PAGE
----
Mangrove Cuckoo which we were lucky to see today in J.N Ding Darling National Wildlife Refuge. Note the yellow orbital ring, curved bill and yellow lower mandible.
Note the long tail with bold white tips to feathers.
Mangrove Cuckoos are secretive and often stay quietly sitting in the mangroves.
Here's another view of the remarkable tail.
We led a Stokes Birding Tour as a fundraiser for the refuge and had the refuge to ourselves as it took place on friday, a day the refuge is closed to visitors.
We were able to see the cuckoo because we ran into the Mangrove Cuckoo research team of Rachel Frieze and her husband, Steve, from the Ecostudies Institute and they were observing this cuckoo.
Don and I led a Stokes Birding Tour as a special fundraiser for J.N. Ding Darling National Wildlife Refuge and our whole group got to see a Mangrove Cuckoo, the holy grail bird of southern Florida and on every serious birders want list who visits here. We took two trams through the refuge on friday (when the refuge is closed) and saw wonderful birds. How lucky for us that we ran into Rachel and Steve, who are researching Mangrove Cuckoos in the refuge, and they had one in view!! What a thrill for all of us!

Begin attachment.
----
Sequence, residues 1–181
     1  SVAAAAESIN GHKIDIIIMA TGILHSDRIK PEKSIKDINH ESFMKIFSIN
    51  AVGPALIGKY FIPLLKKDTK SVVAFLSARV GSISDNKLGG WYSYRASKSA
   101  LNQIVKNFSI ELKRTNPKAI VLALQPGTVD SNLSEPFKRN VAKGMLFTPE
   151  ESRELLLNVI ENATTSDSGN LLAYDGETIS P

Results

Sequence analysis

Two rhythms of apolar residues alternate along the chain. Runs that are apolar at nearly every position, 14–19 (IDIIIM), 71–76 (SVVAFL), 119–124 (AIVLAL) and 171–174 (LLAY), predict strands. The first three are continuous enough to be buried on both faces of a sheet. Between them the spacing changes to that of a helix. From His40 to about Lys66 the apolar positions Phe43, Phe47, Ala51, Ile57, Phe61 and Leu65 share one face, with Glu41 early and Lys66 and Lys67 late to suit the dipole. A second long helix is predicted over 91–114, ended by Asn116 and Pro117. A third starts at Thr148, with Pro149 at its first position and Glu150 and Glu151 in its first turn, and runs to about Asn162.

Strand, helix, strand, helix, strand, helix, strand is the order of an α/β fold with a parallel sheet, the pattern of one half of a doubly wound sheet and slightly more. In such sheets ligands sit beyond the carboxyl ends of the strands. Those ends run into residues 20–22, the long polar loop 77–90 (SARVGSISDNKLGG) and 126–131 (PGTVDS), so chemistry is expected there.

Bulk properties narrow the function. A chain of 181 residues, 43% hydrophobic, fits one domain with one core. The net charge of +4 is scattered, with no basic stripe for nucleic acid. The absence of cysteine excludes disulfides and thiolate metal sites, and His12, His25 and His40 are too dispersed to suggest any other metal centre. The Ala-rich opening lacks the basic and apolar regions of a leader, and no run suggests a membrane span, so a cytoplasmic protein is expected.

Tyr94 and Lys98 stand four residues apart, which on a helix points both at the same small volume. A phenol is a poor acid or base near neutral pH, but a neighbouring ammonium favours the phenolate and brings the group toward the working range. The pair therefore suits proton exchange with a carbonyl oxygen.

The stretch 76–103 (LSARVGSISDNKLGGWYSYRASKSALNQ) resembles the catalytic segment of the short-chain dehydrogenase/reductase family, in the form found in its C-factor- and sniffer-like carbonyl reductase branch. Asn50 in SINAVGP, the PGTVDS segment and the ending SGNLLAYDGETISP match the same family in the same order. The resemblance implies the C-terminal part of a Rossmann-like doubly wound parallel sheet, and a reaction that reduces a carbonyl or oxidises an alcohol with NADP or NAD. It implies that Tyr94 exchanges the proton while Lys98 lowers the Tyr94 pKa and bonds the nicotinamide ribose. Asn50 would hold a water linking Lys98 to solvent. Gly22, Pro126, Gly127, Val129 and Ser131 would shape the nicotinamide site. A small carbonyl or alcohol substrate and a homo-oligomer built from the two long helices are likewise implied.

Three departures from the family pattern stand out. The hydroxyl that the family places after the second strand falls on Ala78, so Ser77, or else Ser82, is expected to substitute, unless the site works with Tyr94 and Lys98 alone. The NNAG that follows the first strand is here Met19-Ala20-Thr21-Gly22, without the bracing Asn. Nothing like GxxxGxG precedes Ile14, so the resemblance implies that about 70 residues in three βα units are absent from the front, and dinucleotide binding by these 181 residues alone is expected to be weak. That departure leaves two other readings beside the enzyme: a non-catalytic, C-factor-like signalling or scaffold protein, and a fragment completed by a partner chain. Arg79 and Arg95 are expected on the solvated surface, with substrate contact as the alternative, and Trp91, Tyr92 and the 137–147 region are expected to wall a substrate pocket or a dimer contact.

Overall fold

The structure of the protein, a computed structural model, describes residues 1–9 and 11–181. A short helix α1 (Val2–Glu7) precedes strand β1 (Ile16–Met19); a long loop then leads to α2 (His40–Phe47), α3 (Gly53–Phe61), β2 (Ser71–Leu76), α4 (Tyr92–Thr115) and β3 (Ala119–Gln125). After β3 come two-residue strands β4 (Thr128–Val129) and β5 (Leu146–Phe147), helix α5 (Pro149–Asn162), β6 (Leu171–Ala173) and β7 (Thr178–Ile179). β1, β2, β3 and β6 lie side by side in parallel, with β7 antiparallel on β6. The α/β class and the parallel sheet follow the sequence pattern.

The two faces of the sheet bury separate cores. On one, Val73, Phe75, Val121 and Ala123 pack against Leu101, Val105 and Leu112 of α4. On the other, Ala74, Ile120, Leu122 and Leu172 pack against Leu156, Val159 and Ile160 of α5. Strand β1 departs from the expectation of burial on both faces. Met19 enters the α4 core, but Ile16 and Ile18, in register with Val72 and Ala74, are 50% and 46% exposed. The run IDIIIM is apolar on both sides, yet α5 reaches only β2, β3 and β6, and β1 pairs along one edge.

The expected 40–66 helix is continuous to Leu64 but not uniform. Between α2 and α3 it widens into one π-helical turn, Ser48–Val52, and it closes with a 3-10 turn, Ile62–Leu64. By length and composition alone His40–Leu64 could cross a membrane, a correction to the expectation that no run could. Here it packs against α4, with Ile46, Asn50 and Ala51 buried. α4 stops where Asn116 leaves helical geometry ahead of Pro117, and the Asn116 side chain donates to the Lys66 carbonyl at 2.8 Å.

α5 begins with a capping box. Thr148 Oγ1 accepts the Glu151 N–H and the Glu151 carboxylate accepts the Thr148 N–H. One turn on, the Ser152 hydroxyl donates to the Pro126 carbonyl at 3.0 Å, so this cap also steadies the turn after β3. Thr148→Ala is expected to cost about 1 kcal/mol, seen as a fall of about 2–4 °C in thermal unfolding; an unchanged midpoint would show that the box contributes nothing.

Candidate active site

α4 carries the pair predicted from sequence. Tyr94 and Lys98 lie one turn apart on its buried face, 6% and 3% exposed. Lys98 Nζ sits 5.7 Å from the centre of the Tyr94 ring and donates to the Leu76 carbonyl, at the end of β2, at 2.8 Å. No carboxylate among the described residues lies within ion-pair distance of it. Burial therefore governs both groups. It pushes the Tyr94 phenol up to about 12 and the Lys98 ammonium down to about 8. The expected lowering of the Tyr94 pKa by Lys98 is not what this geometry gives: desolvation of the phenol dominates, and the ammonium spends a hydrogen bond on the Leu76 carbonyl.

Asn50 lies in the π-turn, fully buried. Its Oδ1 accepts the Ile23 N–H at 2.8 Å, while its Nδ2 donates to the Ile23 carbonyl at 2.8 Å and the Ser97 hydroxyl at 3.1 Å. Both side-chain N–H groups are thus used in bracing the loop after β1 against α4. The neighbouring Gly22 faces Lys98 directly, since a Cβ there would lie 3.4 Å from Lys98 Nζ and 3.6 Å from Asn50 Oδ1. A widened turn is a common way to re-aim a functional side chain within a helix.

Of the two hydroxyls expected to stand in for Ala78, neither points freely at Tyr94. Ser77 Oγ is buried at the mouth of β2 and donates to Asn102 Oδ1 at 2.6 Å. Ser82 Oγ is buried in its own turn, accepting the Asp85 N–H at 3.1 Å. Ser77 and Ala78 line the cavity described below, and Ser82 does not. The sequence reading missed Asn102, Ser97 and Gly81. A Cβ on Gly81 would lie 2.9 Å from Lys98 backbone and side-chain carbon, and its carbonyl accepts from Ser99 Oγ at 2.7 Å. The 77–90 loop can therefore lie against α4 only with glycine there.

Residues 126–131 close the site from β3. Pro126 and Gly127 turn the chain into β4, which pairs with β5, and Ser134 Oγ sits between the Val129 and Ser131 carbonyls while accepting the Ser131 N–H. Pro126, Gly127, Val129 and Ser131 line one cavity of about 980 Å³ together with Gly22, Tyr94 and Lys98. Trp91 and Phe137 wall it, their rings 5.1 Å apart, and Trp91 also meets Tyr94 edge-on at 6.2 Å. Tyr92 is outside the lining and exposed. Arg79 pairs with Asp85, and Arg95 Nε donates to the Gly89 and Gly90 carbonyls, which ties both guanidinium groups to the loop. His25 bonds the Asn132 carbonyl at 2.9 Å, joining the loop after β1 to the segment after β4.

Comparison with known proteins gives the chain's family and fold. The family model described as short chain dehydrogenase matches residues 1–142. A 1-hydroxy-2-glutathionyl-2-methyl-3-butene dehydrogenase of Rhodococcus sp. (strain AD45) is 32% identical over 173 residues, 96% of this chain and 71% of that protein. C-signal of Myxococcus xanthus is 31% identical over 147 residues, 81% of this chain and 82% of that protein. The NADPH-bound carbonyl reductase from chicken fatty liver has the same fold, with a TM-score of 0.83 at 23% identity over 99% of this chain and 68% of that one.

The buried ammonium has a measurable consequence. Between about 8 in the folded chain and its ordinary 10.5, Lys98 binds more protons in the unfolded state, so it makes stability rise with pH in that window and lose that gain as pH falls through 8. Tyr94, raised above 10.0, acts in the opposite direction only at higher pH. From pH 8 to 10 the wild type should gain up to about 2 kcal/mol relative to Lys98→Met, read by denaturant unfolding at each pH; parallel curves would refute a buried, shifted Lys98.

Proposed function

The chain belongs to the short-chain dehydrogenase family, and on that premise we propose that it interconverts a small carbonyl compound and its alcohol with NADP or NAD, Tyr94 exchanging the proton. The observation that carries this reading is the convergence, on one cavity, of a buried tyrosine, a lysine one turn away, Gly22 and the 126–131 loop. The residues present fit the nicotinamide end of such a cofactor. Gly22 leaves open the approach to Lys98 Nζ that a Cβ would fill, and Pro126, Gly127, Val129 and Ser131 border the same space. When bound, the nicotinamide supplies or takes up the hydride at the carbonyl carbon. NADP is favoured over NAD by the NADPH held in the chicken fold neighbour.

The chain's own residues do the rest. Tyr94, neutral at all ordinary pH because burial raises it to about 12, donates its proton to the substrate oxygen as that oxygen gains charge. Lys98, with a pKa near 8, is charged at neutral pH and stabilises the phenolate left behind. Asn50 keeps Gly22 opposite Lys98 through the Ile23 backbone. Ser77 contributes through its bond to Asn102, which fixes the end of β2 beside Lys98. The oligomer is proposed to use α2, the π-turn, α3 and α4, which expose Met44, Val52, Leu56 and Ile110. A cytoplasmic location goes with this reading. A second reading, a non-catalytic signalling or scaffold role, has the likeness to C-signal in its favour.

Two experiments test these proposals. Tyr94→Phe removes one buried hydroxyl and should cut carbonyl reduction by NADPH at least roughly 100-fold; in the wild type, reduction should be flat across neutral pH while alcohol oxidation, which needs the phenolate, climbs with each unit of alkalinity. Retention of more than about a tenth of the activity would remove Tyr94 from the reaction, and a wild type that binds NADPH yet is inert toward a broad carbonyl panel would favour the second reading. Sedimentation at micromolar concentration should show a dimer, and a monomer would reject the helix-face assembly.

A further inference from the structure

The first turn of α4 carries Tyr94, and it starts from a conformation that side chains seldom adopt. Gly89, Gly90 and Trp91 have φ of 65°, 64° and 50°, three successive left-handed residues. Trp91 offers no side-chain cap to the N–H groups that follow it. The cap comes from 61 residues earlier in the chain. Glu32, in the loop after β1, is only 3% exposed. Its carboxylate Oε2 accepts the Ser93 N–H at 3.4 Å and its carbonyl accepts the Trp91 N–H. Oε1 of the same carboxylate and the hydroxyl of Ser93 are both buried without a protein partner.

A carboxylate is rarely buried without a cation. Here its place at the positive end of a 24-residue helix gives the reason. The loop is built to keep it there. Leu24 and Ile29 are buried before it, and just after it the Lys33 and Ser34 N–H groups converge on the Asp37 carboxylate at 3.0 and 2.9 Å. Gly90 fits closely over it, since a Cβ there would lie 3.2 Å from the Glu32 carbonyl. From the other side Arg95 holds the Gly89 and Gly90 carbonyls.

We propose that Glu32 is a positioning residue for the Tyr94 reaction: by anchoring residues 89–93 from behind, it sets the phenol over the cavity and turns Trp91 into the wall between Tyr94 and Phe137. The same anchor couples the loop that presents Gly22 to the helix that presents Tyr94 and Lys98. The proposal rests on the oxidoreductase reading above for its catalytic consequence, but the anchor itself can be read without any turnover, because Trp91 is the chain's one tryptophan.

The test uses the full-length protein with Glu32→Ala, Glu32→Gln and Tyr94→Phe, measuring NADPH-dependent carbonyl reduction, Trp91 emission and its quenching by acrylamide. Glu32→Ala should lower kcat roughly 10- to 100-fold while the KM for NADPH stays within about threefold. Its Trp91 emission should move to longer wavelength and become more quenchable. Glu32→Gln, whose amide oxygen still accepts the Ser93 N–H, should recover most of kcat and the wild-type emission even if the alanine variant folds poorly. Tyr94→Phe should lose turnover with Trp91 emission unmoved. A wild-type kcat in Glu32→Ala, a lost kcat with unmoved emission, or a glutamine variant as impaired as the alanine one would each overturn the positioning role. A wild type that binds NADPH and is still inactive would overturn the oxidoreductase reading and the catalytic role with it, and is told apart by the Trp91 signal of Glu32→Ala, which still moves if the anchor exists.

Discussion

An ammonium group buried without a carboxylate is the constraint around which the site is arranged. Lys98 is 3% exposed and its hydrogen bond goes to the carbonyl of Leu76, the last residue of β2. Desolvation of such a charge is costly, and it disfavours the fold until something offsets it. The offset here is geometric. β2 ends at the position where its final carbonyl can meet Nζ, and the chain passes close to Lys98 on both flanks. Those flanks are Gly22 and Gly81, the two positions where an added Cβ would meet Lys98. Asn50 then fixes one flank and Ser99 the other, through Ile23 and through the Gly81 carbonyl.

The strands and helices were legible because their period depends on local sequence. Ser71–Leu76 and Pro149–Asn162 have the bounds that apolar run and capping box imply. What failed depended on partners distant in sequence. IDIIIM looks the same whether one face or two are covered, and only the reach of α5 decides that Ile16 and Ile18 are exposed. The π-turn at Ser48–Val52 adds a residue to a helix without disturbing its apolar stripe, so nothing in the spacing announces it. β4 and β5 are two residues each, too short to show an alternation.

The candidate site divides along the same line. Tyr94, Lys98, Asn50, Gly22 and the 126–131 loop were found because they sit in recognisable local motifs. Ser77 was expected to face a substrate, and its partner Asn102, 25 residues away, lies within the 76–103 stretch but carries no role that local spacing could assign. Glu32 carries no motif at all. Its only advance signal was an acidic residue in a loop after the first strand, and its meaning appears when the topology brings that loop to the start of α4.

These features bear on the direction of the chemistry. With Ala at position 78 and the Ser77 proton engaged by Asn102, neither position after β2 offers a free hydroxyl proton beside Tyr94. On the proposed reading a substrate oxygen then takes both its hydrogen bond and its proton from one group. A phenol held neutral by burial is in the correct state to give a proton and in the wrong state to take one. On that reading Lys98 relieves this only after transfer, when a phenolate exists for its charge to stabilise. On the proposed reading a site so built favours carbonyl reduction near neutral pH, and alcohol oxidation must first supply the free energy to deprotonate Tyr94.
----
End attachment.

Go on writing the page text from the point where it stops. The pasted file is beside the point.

There is still lots to learn about Mangrove Cuckoos, who are very secretive and uncommon and exist in the U.S. in mangrove habitat only in southern Florida. Ecostudies has been studying the life history and ecology of Mangrove Cuckoos in this refuge since 2012. They track the cuckoos during the year to understand their seasonal movements and habitat requirements. It is important to learn about this since the Mangrove Cuckoo population in southwest Florida has been declining.
You can help support the Mangrove Cuckoo research by making donations through the Ding Darling Wildlife Society (who helps support the cuckoo research) and earmark the donations for the Mangrove Cuckoo research.
Thank you all for coming on our Stokes Birding Tour!
I took all these photos with my Canon SX 50!
(FYI, it is not legal to play tapes in Ding Darling NWR in order to lure out birds.)